Mon, Oct 24, 2016 - Page 8 News List

Taiwan’s green shift

The nation has well-tested industrial development models involving the promotion of new industries, which could be applied to streamlining the energy system

By Hu Mei-chih and John A. Mathews  /  Contributing reporters

Wind turbines are pictured in Changhua last month.

Photo: Chang tsong-chiu

Last week the Executive Yuan announced measures that would initiate the breakup of Taiwan Power Co’s (Taipower, 台電) monopoly in the name of enhancing the generation of green power. The government is making good on its election commitment to amend the Electricity Act (電業法) by allowing renewable energy companies to sell direct to the grid, without having to use Taipower as an intermediary. This move is viewed as a direct means of encouraging the growth of green power in Taiwan.

Indeed, there seems to be a genuine green shift underway. The government announced its firm intention of reaching a target of 20 gigawatts (GW) of solar power to be online by 2025 — more than enough to compensate for nuclear power plants anticipated to be taken offline by then. Vice President Chen Chien-Jen (陳建仁) stated that this goal would call for investment of NT$1.2 trillion (US$38 billion) — bringing Taiwan abreast of world leaders in green energy.

And Taipower itself launched a new offshore wind power company, with a goal of building its first offshore power plant rated at 110 megawatts (MW) by 2020, with a budget of NT$19.5 billion.

How times have changed.

Three years ago, we published an article, “China key to Taiwan energy crisis (page 8 of Taipei Times, Apr. 15, 2013). At the time, Taiwan was embroiled in endless debates over its commitment to nuclear power, a commitment that precluded a shift to more secure renewable energy sources. We argued that Taiwan’s obsession with nuclear power obscured other energy options. In particular, we argued that the country could extend its great successes in IT, semiconductors and flat panel displays to the next great technological challenge, namely renewable energy. We pointed to the example of China and its green energy strategy which is gradually replacing its black, fossil fueled strategy, thereby enhancing China’s energy security as well as building renewable energy industries as export platforms for the future.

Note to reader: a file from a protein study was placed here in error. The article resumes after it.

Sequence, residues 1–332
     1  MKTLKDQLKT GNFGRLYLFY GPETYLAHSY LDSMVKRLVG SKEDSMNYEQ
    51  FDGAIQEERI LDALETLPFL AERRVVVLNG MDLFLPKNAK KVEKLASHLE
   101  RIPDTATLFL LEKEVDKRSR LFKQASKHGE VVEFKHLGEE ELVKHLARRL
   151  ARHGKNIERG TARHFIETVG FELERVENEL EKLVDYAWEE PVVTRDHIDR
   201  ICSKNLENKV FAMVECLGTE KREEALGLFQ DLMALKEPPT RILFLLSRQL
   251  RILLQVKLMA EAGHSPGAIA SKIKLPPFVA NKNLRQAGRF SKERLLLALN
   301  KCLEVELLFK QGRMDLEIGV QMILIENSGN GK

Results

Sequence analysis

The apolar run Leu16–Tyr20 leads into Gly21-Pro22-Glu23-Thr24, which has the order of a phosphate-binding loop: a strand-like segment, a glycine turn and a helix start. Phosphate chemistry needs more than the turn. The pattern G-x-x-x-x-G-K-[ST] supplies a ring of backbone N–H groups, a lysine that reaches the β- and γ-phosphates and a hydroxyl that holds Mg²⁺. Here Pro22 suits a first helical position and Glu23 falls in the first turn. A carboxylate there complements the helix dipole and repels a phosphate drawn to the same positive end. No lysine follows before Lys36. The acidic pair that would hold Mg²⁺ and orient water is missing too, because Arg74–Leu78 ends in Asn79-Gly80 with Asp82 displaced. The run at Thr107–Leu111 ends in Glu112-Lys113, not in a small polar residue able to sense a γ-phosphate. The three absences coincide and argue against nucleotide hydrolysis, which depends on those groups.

Three years on, the situation in Taiwan is completely different. The transfer of power from the Chinese Nationalist Party (KMT) to the Democratic Progressive Party (DPP) at both the executive and legislative level in January has led to a new green energy strategy. President Tsai Ing-wen (蔡英文) is taking Taiwan in a new energy direction, headlined by a commitment for Taiwan to be nuclear-free by 2025. That opens the way to an alternative energy strategy, now focused on building Taiwan’s strength in solar photovoltaic (PV) and offshore wind power.

New targets like the one just announced for solar power in 2025 are providing the investment certainty that the previous nuclear preoccupations had denied. The government has been backing its energy targets with talk of total investment of NT$1.5 trillion, induced initially by government expenditure and then followed by foreign capital and domestic investment. As the power monopoly, and with a nod to the new government policy, Taipower has already announced an investment target of NT$400 billion in the development of renewable energy (mainly in solar and wind power) up to 2025. So things are on the move on the energy front in Taiwan.


The main initiative since the election has been the announced moratorium on nuclear power and a commitment to phase it out completely by 2025. Taiwan has three nuclear power sites in operation, with a total capacity of 5.1GW. A fourth nuclear power plant was completed last year, but it was mothballed as soon as the construction was finished due to social pressure for a nuclear-free homeland.

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